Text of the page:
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The Hundred Thousand Kingdoms (The Inheritance Trilogy) Mass Market Paperback – October 1, 2010


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Product Details

  • Series: The Inheritance Trilogy (Book 1)
  • Mass Market Paperback: 425 pages
  • Publisher: Orbit; Reissue edition (October 1, 2010)
  • Language: English
  • ISBN-10: 9780316043922
  • ISBN-13: 978-0316043922
  • ASIN: 0316043923
  • Product Dimensions: 4.2 x 1.2 x 7 inches
  • Shipping Weight: 7.2 ounces (View shipping rates and policies)
  • Average Customer Review: 4.0 out of 5 stars  See all reviews (287 customer reviews)
  • Amazon Best Sellers Rank: #217,806 in Books (See Top 100 in Books)

Editorial Reviews

From Publishers Weekly

Starred Review. Convoluted without being dense, Jemisin's engaging debut grabs readers right from the start. Yeine desires nothing more than a normal life in her barbarian homeland of Darr. But her mother was of the powerful Arameri family, and when Yeine is summoned to the capital city of Sky a month after her mother's murder, she cannot refuse. Dakarta, her grandfather and the Arameri patriarch, pits her against her two cousins as a potential heir to the throne. In an increasingly deep Zelaznyesque series of political maneuverings, Yeine, nearly powerless but fiercely determined, finds potential allies among her relatives and the gods who are forced to live in Sky as servants after losing an ancient war. Multifaceted characters struggle with their individual burdens and desires, creating a complex, edge-of-your-seat story with plenty of funny, scary, and bittersweet twists. (Mar.)
Copyright © Reed Business Information, a division of Reed Elsevier Inc. All rights reserved. --This text refers to the Paperback edition.

From Booklist

Yeine Darr, mourning the murder of her mother, is summoned to the magnificent and beautiful city of Sky by the king, her grandfather. He names her his heir but has already assigned that role to both his niece and his nephew, so what he’s now done is set up a competitive and thorny three-way power struggle. Yeine, looking more like her Darre father than her Arameri mother, may be a baroness in the Arameri world, but in the matriarchal North she is a chieftain of her people. She is also terrified and fascinated by the gods who roam Sky, including the nocturnally monstrous Nahadoth and the childlike Sieh. In just a few days, Yeine discovers that every action has consequences when she inadvertently sets up Darre to be attacked and realizes that her role in the succession to the throne may be that of a human sacrifice. This complex tale of politics, assassination, racism, and gods too intimately involved in the lives of humans is a challenging read and a notable authorial debut. --Diana Tixier Herald --This text refers to the Paperback edition.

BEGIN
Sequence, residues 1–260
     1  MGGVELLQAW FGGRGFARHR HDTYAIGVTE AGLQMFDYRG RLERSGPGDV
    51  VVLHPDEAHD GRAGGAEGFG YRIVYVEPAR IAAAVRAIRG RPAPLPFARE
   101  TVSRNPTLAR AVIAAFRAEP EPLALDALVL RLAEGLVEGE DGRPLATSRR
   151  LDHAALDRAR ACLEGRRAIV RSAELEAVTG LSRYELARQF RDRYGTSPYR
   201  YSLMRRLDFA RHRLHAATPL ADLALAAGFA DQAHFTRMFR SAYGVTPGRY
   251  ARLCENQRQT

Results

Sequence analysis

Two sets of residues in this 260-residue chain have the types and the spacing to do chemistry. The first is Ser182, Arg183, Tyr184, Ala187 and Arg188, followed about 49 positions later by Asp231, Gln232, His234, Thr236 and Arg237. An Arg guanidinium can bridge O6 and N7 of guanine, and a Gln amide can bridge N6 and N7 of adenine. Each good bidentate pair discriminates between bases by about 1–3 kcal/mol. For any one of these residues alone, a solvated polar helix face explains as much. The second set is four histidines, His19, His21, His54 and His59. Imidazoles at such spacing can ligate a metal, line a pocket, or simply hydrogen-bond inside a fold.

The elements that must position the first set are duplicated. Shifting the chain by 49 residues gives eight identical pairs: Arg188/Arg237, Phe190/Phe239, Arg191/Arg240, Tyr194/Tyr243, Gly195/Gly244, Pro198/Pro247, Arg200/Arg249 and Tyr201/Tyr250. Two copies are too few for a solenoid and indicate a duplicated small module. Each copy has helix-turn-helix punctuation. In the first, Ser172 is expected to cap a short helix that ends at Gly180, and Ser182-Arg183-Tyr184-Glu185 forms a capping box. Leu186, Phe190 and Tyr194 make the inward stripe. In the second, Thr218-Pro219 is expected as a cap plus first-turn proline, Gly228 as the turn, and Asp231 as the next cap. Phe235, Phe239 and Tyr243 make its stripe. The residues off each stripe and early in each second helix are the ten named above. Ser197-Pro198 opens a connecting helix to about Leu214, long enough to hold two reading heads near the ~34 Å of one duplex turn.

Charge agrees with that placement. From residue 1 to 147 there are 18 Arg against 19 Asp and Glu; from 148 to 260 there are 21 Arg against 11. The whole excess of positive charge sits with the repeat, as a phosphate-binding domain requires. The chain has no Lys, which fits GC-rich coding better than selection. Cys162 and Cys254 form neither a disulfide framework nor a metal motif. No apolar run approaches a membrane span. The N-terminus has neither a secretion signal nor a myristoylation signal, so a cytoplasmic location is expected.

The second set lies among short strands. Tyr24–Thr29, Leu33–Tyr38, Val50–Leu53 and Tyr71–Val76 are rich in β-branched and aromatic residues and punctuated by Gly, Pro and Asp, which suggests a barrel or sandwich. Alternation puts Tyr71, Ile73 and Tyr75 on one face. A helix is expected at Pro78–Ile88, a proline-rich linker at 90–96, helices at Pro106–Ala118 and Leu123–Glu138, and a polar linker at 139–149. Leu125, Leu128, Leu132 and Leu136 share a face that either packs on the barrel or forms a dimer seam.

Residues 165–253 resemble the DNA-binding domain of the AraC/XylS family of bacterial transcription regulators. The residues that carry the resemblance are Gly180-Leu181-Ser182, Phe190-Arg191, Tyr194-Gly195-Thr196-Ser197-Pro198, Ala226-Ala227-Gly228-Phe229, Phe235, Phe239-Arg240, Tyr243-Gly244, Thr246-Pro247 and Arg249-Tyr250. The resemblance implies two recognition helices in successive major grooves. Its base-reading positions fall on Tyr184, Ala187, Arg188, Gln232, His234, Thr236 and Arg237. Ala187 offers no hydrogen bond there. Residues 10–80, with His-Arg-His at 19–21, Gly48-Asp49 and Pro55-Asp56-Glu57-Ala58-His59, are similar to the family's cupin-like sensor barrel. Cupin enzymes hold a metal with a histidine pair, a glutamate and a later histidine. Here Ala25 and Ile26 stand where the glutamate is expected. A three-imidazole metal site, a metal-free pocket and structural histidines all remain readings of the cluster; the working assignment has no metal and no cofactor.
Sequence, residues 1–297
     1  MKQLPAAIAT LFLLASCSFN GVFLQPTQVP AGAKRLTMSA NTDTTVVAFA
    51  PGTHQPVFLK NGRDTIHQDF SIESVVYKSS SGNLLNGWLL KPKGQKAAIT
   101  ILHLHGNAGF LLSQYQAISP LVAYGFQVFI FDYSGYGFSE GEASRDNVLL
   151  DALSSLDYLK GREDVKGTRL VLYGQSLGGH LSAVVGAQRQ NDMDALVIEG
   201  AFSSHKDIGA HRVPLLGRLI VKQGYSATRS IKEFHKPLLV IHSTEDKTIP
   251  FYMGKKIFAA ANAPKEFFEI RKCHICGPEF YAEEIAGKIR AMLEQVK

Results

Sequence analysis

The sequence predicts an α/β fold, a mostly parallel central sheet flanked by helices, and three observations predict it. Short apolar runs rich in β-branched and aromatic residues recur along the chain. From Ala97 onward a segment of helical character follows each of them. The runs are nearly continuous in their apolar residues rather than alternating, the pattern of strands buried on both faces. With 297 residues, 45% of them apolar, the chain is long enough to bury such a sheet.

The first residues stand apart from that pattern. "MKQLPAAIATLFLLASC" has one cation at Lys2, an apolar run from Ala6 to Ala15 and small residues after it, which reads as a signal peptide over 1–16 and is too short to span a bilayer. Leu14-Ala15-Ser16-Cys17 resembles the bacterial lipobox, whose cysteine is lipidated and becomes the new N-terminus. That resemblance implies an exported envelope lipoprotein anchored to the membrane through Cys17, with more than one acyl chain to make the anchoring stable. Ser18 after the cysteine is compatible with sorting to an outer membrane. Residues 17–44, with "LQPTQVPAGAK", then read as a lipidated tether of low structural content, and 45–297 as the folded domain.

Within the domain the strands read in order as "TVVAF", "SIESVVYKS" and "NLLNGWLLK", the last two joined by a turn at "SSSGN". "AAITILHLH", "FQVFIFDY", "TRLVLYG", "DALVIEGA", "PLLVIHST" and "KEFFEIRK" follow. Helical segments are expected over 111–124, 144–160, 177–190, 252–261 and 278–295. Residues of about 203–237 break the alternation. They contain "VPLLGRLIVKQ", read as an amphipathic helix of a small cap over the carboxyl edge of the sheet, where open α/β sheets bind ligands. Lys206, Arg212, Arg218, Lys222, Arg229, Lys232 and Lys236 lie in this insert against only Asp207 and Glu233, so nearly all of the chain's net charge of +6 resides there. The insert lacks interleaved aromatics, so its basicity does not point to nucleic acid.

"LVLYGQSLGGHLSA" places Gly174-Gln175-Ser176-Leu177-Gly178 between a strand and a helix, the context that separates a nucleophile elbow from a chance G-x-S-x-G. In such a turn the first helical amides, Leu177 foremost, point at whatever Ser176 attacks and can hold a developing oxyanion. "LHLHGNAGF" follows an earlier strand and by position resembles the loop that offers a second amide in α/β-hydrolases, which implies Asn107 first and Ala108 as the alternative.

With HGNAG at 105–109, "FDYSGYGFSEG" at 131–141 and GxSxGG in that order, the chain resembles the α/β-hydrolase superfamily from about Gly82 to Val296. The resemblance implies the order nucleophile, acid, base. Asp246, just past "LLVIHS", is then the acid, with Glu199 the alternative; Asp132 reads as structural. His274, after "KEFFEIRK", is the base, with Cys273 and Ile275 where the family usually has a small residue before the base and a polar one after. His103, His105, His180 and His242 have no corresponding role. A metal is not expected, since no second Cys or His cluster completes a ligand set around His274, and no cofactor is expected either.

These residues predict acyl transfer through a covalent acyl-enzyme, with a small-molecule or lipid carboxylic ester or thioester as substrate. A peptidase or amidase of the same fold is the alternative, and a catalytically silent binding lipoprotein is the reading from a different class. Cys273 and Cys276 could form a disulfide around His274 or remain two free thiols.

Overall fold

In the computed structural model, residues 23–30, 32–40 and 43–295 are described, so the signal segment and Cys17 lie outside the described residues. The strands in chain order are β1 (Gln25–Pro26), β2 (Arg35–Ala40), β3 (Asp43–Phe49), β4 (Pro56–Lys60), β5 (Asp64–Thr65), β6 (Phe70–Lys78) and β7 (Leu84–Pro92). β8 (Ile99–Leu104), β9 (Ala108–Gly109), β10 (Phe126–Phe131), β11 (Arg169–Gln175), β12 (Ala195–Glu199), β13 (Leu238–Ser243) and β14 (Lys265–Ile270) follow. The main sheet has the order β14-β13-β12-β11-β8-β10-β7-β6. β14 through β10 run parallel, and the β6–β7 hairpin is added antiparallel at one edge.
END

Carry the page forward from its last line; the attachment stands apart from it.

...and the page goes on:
Customer Reviews

I look forward to the next book.
Sean M. Schroeder
I'm not so prudish that I don't mind a good sex scene, but, for about half the book, that's all that happens.
Amazon Customer
Jemisin does a great job in creating Yeine and making her an interesting character.
troubadour

Most Helpful Customer Reviews

268 of 305 people found the following review helpful By Brent Weeks on February 1, 2010
Format: Paperback
[This review is based on an Advanced Reading Copy]

What if gods were real...and walked among us...enslaved...and were used as weapons...and were really pissed off about it?

N.K. Jemisin is a gifted storyteller and The Hundred Thousand Kingdoms is a satisfying tale built on intriguing ideas. Buy this book if you love the flights of imagination only possible in fantasy. Buy it if you love stories of betrayal, murder, hard truths, and being in way over your head.

The book is written in the first person. I usually hate this. Here, it works. There are scattered, apparent digressions: snippets of history, backstory. This may bother you. I thought it fit, and the digressions served a purpose. Though the story deals with politics at the highest level, the cast is small. For those who get lost and frustrated in a George R. R. Martin-sized cast, this is a boon. Jemisin's characters are clearly differentiated and easy to remember. Those who love additional complexity may wish the cast were larger and the book longer. This IS the first book in a trilogy, so I'm sure we'll get to see more in later books. The world is fascinating, but we spend most of this book inside the central palace of Sky. The visuals are clear and cool.

[Full disclosure: I have met Ms. Jemisin once, and she is published by the same company I am. However, neither she nor Orbit asked me to do this review.]

N.K. Jemisin is a debut novelist who deserves the chance to write many more novels. But you don't care about that, and you shouldn't. The only question that matters to you is, "Among all my other options, is THIS book worth my money and my time?" Yes, and yes. Emphatically.

-Brent Weeks
NYT Best-selling Author of The Night Angel Trilogy